Teaching and Learning

Smiling toddler girl with a knitted headband with a flower


“Feeling connected to others gives meaning and purpose to our lives.”

– Jessica Joelle Alexander

Nära Horton provides an exceptional educational offer, underpinned by the Early Years Foundation Stage Statutory Framework (EYFS). However, our vision for excellent early childhood education goes beyond the minimum standards set in the EYFS, and our approach to teaching and learning is inspired by up-to-date insight and current research.

We take our inspiration from a range of research and international approaches, such as Montessori and Reggio, however, our greatest influence is the Scandinavian approach to early childhood education. We embrace the hygge (pronounced ‘hue-guh’) approach, which is a Danish attitude to life that focuses on living in the moment and feeling the joy there is in everyday routines and activities.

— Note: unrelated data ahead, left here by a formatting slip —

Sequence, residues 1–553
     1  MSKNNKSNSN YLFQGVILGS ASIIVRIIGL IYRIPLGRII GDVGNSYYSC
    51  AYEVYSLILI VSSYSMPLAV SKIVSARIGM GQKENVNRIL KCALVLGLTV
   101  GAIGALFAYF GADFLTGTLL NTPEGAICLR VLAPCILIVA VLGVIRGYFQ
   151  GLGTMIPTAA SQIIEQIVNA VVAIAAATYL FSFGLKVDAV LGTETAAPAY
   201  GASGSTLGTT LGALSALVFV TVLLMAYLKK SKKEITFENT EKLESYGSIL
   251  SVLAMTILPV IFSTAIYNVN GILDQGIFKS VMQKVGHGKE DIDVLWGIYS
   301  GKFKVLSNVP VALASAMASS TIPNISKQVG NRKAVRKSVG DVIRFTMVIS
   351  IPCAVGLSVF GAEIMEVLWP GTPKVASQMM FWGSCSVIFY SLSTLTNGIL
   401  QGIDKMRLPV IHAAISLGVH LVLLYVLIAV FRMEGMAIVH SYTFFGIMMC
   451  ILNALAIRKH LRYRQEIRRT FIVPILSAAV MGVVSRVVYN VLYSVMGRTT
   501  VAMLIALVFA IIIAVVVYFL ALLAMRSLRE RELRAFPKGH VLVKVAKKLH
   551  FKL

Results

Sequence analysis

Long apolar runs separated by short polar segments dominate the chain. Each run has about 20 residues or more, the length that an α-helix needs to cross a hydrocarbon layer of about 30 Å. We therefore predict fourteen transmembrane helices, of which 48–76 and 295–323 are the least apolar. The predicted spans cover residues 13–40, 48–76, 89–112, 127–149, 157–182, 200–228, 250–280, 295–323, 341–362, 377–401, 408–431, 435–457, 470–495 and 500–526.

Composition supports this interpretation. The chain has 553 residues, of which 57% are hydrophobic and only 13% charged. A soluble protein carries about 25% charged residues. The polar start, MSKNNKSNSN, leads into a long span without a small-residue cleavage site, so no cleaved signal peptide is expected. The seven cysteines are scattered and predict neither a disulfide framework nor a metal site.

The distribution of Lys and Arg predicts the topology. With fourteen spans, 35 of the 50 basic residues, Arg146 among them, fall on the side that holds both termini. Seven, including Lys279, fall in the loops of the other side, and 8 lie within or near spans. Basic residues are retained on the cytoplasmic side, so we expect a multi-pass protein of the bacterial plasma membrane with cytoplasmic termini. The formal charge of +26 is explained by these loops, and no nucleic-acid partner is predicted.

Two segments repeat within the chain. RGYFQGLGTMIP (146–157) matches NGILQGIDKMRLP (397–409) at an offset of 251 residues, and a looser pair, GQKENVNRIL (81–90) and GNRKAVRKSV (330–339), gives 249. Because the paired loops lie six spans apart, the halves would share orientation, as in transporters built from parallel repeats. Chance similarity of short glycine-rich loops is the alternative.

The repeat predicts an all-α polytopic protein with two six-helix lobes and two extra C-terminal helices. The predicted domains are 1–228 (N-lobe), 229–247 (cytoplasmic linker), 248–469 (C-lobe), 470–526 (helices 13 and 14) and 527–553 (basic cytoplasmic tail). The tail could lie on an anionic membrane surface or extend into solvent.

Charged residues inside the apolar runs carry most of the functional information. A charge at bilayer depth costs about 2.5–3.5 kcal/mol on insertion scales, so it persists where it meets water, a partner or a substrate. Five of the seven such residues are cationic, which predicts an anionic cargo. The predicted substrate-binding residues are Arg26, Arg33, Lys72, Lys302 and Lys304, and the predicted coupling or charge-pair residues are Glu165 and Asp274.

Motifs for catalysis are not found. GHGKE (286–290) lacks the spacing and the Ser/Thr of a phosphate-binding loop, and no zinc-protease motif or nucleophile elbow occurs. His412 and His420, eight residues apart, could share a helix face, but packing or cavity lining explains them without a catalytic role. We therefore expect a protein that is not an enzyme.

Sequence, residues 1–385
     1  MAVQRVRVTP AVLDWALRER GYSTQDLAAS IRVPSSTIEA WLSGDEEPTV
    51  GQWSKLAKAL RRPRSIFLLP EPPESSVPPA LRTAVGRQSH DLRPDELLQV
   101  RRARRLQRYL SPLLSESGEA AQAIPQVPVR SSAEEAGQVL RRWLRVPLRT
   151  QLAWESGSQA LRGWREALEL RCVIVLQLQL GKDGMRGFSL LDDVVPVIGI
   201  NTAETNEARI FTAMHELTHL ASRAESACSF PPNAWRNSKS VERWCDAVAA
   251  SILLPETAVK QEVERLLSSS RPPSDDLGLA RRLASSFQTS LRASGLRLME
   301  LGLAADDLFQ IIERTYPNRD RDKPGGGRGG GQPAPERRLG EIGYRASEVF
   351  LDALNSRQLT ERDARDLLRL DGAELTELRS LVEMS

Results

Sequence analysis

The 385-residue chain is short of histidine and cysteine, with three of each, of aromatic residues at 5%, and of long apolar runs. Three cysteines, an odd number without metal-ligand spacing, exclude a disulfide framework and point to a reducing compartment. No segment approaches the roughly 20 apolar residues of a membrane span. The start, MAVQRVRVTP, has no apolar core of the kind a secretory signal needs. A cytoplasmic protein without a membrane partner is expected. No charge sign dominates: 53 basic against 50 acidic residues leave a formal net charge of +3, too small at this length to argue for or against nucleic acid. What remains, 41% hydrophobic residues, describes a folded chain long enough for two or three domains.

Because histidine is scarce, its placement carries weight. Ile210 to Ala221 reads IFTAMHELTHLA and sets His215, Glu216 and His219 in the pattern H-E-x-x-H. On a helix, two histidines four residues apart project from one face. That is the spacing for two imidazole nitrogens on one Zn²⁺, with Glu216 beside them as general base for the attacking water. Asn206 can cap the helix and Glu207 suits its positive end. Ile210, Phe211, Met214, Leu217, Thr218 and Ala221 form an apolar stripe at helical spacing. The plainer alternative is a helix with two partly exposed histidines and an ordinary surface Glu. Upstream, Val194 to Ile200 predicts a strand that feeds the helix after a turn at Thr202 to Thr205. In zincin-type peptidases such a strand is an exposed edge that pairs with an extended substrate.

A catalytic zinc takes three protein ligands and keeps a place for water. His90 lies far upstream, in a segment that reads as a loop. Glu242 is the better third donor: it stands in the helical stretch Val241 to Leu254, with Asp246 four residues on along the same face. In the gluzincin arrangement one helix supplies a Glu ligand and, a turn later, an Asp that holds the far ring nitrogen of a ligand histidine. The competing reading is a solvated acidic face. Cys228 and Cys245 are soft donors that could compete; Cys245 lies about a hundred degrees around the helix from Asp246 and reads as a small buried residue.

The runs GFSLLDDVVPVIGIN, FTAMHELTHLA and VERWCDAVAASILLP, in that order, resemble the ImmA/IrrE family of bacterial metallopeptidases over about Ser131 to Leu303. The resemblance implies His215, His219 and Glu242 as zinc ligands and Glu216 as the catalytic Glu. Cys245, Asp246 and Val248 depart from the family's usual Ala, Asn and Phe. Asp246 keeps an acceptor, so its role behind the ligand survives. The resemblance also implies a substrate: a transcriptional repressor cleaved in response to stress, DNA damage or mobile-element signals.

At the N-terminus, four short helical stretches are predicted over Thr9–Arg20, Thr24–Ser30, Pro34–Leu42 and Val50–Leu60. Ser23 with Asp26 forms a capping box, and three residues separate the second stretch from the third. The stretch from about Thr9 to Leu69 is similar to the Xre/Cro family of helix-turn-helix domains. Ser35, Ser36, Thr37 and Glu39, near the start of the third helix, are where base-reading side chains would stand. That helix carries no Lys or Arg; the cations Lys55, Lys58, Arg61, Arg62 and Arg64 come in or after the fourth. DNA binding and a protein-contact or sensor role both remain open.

Inspired by current research and a toddler girl holding dry yellow cereals in her hands
Two circular images of a happy girl with down syndrome and a toddler playing with a camera toy

The Oxford Dictionary defines hygge as “a quality of coziness and comfortable conviviality that engenders a feeling of contentment or well-being…..”

This approach also encourages children to grow up with a love for nature, outdoor learning and learning for sustainability. To achieve this, we are committed to our nursery having a qualified Forest School Lead and Outdoor Champion.

Quality is assured through ongoing self-evaluation, professional development and tailored training and qualifications that are provided by in-house specialists and by sector experts.


“Play is the work of the child.”

– Maria Montessori

Our approach recognises that the most effective pedagogical practice critically includes the provision of enabling indoor, outdoor and emotional environments which foster learning and play.

Therefore, our environments are carefully planned and resourced to support and extend learning.

We are on a mission to create enabling environments in our nursery which provide children with direct access to resources and experiences, both real and imaginary, that they may not otherwise receive at home.

Constant, thoughtful enhancements are made to this continuous provision which allow children to solve problems, interact with each other and develop their imaginations.